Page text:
As well as voting for London's next Mayor and members of the Greater London Authority today, we here in Tower Hamlets are also voting in a referendum on how the council is run. I doubt that many residents have noticed, let alone taken all the issues on board, so will likely be surprised later today when faced by a voting slip with a question they've not previously considered.
It's not a catchy question because the wording is fixed by legislation and can't be tweaked. But essentially it's do you want a Mayor or do you want a leader? Quick, make your mind up based on zero background knowledge and put a cross in a box.
The vast majority of local councils are run by a leader elected by the other elected councillors. The role of Mayor exists but is mostly ceremonial, often taken in turns according to party and longevity. Day-to-day control rests with a single person voted for by councillors and not directly by the public.
This was how things used to be in Tower Hamlets until 2010 when a campaign to switch from leader to Mayor was unexpectedly successful. It was driven by former council leader Lutfur Rahman, now disgraced, who managed to cobble together enough signatures to trigger a previous referendum and then persuade enough of the electorate they wanted a Mayoral system. The subsequent election saw Rahman elevated to the Mayoralty as an independent, bypassing Labour's 63% share of councillors, and he then proceeded to bleed our coffers dry. 2021 is the first legal opportunity to switch the system back.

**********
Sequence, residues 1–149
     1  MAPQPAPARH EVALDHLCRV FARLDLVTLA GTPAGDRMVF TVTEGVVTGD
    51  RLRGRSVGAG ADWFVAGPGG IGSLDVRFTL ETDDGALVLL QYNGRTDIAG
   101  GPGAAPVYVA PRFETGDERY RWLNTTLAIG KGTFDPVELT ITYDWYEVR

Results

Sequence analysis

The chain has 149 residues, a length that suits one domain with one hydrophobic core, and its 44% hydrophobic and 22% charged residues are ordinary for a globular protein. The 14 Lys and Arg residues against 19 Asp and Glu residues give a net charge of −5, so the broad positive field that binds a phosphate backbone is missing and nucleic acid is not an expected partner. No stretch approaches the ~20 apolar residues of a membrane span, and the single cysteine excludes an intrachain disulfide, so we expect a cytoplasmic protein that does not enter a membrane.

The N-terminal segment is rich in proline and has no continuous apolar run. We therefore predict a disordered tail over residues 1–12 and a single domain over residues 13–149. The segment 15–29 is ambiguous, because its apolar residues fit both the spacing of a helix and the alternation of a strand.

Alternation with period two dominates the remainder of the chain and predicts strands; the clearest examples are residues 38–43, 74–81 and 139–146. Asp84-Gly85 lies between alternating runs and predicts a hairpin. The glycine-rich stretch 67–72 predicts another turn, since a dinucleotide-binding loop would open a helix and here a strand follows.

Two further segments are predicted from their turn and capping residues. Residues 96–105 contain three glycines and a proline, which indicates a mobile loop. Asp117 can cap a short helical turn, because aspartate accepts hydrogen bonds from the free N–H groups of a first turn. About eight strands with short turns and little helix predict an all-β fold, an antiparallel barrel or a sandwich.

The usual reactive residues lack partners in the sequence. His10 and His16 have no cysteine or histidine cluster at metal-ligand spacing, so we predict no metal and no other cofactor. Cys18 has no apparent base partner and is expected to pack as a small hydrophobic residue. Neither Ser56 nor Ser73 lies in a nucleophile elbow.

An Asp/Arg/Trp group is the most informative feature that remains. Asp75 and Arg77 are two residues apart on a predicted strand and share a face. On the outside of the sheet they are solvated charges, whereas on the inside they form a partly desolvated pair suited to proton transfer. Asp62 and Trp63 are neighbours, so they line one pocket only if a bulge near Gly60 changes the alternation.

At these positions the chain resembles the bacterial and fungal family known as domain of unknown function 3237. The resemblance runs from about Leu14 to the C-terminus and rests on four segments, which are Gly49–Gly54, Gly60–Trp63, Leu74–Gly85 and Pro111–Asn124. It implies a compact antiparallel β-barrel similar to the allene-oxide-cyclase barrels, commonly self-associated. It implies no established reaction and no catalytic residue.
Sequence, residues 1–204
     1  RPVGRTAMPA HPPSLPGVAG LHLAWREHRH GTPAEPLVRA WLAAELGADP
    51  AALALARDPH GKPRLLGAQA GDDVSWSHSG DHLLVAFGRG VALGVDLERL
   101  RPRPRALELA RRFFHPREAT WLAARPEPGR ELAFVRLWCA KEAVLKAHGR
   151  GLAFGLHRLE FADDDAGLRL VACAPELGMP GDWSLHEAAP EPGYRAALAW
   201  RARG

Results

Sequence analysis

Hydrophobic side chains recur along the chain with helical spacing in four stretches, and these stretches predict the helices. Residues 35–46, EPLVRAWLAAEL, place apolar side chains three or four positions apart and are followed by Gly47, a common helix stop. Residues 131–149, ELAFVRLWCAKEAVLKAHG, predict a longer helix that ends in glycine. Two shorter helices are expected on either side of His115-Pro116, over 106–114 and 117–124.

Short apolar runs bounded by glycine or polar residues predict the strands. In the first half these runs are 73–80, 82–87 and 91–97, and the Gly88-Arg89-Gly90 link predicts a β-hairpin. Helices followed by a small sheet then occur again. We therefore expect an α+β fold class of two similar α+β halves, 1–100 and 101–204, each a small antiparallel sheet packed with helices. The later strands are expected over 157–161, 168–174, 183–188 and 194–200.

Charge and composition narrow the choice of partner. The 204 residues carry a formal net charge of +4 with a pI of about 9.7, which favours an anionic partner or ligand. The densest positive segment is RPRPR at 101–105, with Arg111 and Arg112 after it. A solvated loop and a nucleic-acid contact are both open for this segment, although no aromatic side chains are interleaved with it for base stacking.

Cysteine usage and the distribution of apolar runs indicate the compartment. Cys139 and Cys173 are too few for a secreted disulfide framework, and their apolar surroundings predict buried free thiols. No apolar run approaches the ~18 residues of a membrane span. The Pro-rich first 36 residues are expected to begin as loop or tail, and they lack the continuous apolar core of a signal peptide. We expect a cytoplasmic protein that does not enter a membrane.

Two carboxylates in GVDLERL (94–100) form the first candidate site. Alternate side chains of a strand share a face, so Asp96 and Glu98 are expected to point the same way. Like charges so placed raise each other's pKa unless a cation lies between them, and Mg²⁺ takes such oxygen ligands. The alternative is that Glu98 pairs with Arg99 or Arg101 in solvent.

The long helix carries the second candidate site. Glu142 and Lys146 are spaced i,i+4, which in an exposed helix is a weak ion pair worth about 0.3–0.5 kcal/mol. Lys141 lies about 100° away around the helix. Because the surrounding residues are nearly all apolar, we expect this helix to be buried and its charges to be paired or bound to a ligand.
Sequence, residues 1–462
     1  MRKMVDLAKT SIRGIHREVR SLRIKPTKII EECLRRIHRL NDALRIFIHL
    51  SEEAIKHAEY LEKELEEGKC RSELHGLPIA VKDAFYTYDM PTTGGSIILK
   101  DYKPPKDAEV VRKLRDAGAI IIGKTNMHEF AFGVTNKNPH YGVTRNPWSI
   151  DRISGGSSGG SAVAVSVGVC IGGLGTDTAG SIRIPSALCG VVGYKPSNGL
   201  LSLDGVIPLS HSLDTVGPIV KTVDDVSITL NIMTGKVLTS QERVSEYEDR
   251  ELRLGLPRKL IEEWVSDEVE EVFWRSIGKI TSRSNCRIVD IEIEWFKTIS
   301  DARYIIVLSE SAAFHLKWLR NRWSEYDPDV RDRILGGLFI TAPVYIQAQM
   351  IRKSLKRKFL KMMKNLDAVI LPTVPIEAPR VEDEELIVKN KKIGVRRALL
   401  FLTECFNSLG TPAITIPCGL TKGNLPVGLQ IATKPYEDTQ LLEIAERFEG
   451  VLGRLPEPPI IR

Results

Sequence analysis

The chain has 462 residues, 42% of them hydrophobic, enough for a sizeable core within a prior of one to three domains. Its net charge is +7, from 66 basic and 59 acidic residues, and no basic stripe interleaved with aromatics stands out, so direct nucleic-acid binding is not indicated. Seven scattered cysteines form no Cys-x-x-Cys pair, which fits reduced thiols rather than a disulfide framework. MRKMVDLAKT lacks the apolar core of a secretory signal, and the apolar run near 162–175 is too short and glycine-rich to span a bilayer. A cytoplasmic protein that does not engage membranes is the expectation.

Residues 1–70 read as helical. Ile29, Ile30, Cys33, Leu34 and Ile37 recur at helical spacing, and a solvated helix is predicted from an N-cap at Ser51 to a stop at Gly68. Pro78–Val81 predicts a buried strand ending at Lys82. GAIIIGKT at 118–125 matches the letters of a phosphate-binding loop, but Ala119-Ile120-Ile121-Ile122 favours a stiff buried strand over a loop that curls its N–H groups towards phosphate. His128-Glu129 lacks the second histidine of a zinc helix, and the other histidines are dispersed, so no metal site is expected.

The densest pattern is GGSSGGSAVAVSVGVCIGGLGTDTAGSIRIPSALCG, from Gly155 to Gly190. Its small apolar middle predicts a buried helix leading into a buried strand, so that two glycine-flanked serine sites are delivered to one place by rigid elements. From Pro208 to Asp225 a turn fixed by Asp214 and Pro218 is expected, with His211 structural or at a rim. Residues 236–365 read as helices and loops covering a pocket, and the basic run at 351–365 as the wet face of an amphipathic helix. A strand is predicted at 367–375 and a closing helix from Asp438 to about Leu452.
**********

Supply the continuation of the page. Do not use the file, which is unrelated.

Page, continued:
What's concerning is the almost complete lack of referendum debate and discussion that's permeated through to the wider community. I've had nothing through my door presenting arguments one way or the other, nor seen any posters in windows... whereas in neighbouring Newham who are having a similar debate I've seen loads.
It's only while researching this post that I've discovered the current Mayor, John Biggs, is keen to abandon the Mayoral system and so remove his direct route to power. I've also spotted that Lutfur Rahman really wants to keep it, and both of these seem excellent reasons to put a cross in the second box. I suspect this makes me better informed than 90% of Tower Hamlets residents who are essentially going to pick an outcome at random (or pick Mayor - no change - because it sounds more familiar than the alternative).
It's also why I think referendums on anything other than major national issues are dangerous. An ill-informed public selecting options on a whim - essentially a coin toss - risks accidentally introducing appalling policies which then affect thousands. It also encourages those who can spend the most money on promotion ("Vote Yes on Proposition 46!") to get their opinions rubberstamped in law, and that rarely ends well.
If today's referendum confirms a switch then next year's Tower Hamlets council elections will be run on the old model and we won't be asked to vote for a Mayor again. It makes a lot of sense, but I fear not enough Tower Hamlets residents understand what's at stake and will sleepwalk into retaining the status quo.